Were the 1950s “the Good Old Days”? The Great Pretenders by Laura Kalpakian
A historical novel’s appeal lies largely in how it brings to life a time that’s past and one about which we perhaps know very little. When I began reading The Great Pretenders (Berkley, 2019), I realized I knew next to nothing about Hollywood in the 1950s, despite having watched numerous films produced during that period. And while I’ve learned about the McCarthy era and the racism that led to the Civil Rights Movement in the United States through other reading, I didn’t appreciate how these struggles influenced the movie industry.
Author Laura Kalpakian tells how she became much more aware of the Hollywood blacklist era after watching renowned director Elia Kazan receive a special award at the 1999 Academy Awards. Kazan’s honour angered many viewers because he had once testified before the House Committee on Un-American Activities and disclosed names of former comrades in the Communist Party, which altered their lives forever.
I asked her how she went from that moment to creating this novel.
“That was a long time ago, but the image certainly stayed with me, the uproar within the starry gathering, and more vocally, out on the street,” she said. “I had read Victor Navasky’s Naming Names (to my mind, still the best overall book on the subject) and returned to it; this time, though, I was moved as well as shocked to read the stories he tells in those pages.
“The creation of The Great Pretenders began with conversations I had with an editor who was interested in novels about women in media. I was reminded of a minor character in a book I had published in England (Three Strange Angels, Buried River Press, 2015). This character became an agent in Hollywood in the 1950s; that’s basically all I had said of her, but she intrigued me. I kept wondering: what would her life have been like in the perilous era of the blacklist.”
As the granddaughter of a film studio mogul, Roxanne Granville’s life should have been problem-free. As Kalpakian puts it: “She comes to the page trailing her glamorous youth and childhood, her connections to Cyrano de Bergerac, her headstrong ways, her confidence undermined by the stain on her cheek. She is sassy and occasionally shallow, but she grows into maturity and bravery.”
Instead of opting for marriage to a man deemed eligible by her sister and grandfather, Roxanne decides to become a career woman, representing writers of screenplays. She eventually founds her own agency, which her Hollywood connections placed on the path to success, but she made two brave decisions that the establishment could not stomach. These decisions, and their repercussions, are the meat of the book, so to say any more would spoil the plot. What I can say is that parallels can be drawn between what happened in The Great Pretenders and recent events in America.
Kalpakian said many readers have commented on how prescient the book is in the current climate.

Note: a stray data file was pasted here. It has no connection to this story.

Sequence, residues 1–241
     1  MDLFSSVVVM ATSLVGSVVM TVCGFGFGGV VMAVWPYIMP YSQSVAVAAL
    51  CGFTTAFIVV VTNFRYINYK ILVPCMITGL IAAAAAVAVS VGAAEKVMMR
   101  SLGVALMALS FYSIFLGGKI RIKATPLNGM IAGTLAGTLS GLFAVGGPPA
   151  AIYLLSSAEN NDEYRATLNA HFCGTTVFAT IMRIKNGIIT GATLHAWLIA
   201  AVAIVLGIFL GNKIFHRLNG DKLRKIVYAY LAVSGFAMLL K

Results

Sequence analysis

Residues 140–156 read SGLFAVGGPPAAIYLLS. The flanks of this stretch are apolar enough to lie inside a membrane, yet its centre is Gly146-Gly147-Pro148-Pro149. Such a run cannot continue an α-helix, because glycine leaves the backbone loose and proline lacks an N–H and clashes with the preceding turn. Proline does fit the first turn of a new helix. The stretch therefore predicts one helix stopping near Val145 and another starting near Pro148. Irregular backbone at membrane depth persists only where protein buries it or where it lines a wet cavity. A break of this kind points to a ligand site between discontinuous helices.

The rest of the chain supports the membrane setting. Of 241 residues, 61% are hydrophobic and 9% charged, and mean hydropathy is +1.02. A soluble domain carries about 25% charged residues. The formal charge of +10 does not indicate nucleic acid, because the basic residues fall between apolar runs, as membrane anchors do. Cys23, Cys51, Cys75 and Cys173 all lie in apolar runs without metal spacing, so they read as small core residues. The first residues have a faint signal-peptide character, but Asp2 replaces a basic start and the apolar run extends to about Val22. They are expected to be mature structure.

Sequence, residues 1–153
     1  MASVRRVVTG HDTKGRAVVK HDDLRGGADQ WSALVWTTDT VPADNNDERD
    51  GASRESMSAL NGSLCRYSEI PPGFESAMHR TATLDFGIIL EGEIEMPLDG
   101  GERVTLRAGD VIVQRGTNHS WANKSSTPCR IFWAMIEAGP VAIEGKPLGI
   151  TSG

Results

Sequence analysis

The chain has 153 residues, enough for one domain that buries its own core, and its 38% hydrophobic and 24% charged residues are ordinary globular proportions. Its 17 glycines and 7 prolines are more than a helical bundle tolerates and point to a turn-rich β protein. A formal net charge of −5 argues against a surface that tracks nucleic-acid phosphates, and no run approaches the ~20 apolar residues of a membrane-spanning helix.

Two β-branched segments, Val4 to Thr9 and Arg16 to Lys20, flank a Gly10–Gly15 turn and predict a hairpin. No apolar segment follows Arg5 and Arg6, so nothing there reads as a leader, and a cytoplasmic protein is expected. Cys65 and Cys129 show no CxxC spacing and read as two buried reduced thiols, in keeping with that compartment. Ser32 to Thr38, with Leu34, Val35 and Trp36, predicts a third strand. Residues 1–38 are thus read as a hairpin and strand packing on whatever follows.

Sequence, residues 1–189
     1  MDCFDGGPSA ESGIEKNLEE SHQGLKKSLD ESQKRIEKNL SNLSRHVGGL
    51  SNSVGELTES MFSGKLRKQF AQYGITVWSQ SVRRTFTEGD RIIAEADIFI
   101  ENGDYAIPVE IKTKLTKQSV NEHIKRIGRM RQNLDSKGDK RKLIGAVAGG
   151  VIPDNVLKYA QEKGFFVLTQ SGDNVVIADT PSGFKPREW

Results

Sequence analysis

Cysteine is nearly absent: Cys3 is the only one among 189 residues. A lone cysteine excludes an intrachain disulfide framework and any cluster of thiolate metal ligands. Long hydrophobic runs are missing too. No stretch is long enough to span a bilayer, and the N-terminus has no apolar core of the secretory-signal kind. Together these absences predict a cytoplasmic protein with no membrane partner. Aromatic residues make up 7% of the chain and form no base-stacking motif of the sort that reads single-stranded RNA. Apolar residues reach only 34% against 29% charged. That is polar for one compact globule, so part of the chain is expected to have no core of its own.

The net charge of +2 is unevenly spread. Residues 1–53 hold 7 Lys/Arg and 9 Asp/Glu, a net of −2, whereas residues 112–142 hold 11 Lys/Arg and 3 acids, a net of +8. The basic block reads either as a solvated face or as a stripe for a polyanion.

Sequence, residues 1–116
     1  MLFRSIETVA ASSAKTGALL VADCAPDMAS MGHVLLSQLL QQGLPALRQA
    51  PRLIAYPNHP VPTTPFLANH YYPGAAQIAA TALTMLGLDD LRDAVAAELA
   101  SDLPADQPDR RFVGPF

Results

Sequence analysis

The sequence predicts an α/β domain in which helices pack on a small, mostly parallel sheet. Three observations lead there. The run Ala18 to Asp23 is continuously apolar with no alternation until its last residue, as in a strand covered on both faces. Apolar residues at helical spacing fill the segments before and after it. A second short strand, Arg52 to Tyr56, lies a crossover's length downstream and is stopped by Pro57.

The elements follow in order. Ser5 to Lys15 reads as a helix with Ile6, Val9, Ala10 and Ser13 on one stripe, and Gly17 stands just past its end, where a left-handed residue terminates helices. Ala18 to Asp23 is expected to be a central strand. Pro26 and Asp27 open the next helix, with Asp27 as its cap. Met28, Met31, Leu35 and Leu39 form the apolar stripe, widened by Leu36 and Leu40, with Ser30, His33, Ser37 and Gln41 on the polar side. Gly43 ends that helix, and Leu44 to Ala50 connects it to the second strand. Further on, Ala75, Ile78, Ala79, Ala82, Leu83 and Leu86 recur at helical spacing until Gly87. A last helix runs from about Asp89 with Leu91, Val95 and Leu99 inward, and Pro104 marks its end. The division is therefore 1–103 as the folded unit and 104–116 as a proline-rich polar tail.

“For one thing, the entertainment industry is once again completely upended with the advent of streaming and the struggles between the new giants, Netflix, Amazon and Apple. They are doing to the entertainment industry what television did when those first spindly antennas began appearing on roofs all over the [US].
“The [accusations against] Harvey Weinstein . . . started unspooling while I was in the throes of writing the novel. That certainly made me think of how Roxanne would have fared in an industry that took women’s sexual compliance more or less for granted. Being the granddaughter of a powerful man would not have spared her. Roxanne has her Me Too moment that colors and makes more dramatic the moment where she casts the scripts off and quits her job, and insists on going independent.
“Every time I hear on the news the phrase ‘contempt of Congress’ I feel a little jolt of déjà vu on behalf of my characters. While I do not use the term McCarthyism in the book, the fears [Joseph McCarthy] inspired affected government, the armed forces, publishing, education. [In The Great Pretenders,] I concentrated on what was happening in Hollywood so I used the term blacklist era. But it is no small irony that Roy Cohn, a major figure in the ugly chapter of McCarthyism, was a mentor to the current US president.”
To better understand the blacklist era, Kalpakian read at least a hundred books. She says she was astonished at the amount of material published on the topic, and even more astonished at how partisan much of it was.
“This era was also the beginning of the modern civil rights struggle, beginning with the Montgomery Bus Boycott,” she said. “The names that every American school child knows, Rosa Parks, Martin Luther King, this is where all that started. Researching the Montgomery Bus Boycott was eye opening too: for more than a year these citizens stood their ground. I made up the phrase about their shoes giving out, but not their spirit.”
Terrence Dexter, a pivotal character in the novel, is a journalist who travels from California to Alabama to report on the events unfolding there. His experiences give Roxanne her first glimpse into what life was like for those not born into a white, wealthy, influential family.
I asked Kalpakian what she hopes readers will take away from The Great Pretenders.
“The Fifties are often nostalgically invoked as the Good Old Days, circumstances we ought to return to. I would like readers to walk away from the novel with a deeper understanding that those days were fraught with tension and injustice, just as our own era is. That the past is not smooth, sheeted plain; to the people who live through these events, they are every bit as tumultuous as the present.”
About the contributor: Claire Morris is the HNS web features editor. She served as the managing editor of the HNS journal, Solander, from 2004 to 2009, and helped to start the HNS North American conferences.